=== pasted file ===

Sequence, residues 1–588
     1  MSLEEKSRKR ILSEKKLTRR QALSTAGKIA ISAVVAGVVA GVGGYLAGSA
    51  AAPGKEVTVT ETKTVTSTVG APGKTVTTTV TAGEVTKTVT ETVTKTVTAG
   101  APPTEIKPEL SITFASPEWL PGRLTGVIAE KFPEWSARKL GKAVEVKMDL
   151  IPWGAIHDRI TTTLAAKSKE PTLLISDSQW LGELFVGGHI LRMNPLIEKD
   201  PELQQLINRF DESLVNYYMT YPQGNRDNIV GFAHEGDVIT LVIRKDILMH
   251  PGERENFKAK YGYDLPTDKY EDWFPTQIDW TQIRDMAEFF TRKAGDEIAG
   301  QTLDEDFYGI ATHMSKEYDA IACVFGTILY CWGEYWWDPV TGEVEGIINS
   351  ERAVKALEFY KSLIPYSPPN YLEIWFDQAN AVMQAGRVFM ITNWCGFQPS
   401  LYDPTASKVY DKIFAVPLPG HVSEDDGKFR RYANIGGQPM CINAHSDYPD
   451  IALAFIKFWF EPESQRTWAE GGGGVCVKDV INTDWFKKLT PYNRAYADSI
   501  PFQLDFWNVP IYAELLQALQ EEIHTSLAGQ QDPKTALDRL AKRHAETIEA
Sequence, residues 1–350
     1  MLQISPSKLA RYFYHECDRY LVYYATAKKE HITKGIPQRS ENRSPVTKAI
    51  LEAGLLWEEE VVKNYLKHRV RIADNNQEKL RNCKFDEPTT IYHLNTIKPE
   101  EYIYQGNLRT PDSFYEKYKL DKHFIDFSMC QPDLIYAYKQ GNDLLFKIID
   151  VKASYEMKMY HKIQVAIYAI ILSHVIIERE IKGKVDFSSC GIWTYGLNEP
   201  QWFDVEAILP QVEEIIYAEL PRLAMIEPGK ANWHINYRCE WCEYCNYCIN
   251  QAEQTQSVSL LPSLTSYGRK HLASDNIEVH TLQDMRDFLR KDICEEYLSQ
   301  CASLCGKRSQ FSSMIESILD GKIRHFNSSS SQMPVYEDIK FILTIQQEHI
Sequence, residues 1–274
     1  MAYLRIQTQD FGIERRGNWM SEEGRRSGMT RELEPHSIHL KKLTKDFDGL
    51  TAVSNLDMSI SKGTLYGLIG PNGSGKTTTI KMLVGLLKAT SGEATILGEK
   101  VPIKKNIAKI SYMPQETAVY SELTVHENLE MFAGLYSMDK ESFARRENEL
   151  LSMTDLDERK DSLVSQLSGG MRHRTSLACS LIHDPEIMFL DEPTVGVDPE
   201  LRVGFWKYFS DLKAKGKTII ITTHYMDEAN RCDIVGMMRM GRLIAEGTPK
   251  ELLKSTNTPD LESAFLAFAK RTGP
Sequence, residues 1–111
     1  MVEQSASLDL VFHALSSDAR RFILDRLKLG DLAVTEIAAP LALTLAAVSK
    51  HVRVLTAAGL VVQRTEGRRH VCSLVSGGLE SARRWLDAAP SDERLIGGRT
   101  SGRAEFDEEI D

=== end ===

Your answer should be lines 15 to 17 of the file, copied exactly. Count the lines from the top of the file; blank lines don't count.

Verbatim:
    51  LEAGLLWEEE VVKNYLKHRV RIADNNQEKL RNCKFDEPTT IYHLNTIKPE
   101  EYIYQGNLRT PDSFYEKYKL DKHFIDFSMC QPDLIYAYKQ GNDLLFKIID
   151  VKASYEMKMY HKIQVAIYAI ILSHVIIERE IKGKVDFSSC GIWTYGLNEP